기본권의 양면성에 관한 고찰- C. Schmitt와 基本權의 兩面性理論을 중심으로 -
Eine Studie ?er den Doppel Charakter der Grundrechte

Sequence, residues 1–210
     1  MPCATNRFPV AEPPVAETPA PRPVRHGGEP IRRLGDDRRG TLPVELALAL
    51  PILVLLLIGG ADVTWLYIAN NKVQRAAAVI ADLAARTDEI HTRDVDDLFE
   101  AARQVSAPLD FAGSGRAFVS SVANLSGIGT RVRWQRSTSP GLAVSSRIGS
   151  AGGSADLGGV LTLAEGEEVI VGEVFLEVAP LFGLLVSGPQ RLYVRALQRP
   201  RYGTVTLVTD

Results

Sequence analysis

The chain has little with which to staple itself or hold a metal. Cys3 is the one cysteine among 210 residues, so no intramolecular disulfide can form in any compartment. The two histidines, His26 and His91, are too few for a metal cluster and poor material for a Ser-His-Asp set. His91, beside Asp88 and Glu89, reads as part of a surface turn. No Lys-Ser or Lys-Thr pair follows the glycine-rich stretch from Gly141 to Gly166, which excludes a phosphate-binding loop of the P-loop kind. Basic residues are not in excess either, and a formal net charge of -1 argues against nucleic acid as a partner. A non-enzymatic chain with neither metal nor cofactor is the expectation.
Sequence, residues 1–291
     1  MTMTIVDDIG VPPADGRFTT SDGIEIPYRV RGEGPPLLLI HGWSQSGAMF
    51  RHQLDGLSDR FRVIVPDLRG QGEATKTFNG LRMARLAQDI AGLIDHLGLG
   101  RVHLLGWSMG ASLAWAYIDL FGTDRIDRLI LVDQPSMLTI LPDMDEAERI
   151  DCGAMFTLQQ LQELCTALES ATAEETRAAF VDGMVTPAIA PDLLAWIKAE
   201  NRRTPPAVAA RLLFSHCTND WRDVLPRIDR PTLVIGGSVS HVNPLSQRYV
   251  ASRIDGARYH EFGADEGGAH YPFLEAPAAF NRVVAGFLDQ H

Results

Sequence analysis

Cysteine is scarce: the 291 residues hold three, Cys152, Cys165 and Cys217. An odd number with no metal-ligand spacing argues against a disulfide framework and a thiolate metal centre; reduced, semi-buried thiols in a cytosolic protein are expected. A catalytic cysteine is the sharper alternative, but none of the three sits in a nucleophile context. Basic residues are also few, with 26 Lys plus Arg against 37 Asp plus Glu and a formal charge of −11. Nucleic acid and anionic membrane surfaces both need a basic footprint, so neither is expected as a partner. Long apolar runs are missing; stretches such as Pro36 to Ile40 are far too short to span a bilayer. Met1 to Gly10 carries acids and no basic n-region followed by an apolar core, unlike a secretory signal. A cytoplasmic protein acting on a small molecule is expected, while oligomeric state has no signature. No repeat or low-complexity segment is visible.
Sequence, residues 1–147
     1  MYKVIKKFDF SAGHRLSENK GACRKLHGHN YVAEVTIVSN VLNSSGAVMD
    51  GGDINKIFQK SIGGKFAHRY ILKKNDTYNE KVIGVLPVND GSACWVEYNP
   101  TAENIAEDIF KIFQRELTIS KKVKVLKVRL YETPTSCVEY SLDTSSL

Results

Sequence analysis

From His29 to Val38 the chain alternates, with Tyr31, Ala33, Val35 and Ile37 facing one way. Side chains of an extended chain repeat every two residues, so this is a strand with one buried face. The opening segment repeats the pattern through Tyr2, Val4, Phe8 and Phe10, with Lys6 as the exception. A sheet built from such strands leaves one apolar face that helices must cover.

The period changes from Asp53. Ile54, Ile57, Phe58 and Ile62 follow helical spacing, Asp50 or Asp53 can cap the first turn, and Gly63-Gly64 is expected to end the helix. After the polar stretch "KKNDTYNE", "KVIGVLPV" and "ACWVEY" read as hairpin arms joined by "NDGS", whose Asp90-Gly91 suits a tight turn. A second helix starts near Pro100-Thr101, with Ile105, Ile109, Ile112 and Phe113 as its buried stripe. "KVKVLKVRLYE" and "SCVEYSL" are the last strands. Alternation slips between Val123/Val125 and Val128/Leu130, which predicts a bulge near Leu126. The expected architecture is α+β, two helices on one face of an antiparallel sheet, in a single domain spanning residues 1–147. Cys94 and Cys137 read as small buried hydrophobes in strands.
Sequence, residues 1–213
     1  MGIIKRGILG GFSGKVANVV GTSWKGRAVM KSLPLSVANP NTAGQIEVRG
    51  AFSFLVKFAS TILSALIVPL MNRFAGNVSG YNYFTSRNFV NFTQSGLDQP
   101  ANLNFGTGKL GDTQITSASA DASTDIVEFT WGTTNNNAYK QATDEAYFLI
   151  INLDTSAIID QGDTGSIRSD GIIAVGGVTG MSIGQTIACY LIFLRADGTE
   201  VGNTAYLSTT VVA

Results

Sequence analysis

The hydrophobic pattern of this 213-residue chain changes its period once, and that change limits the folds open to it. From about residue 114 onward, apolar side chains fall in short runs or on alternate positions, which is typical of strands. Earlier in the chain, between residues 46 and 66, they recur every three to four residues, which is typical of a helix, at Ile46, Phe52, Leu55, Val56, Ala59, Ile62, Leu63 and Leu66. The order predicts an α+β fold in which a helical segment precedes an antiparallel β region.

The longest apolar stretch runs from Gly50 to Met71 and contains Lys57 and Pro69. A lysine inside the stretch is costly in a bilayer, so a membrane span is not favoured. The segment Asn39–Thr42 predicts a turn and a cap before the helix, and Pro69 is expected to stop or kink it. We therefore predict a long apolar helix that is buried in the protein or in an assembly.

Increasing transnational migration has precipitated state efforts to forge and strengthen ties with emigrEs and diasporas living abroad, who develop transnational identities spanning across borders. South Korea and Mexico are known for their large sizes of emigrant populations. The two states have taken differing strategies for reproducing ties with emigrEs. In 1999 South Korea enacted the Overseas Koreans Act, which provides for a special immigration status for former Koreans who have acquired foreign nationality. In 1997 Mexico amended its constitution and nationality law to recognise the dual nationality of Mexicans living abroad. This study explores the backgrounds of the developments in South Korea and Mexico, the qualifications and rights of the beneficiaries of the legal measures taken by the two countries, and the reactions and repercussions that their initiatives have brought. While dual nationality is a means for a state to reproduce its ties with its populations living abroad that is recognised by the established legal discourse, the conferment of a special status to 'kin-foreigners' who are not nationals may be problematic in that it creates a third category that has little place in the dominant legal discourse predicated upon the traditional distinction of nationals and aliens. But the reactions that the two approaches face depend on the international and political environments in which they operate and are more complex than their legal implications.
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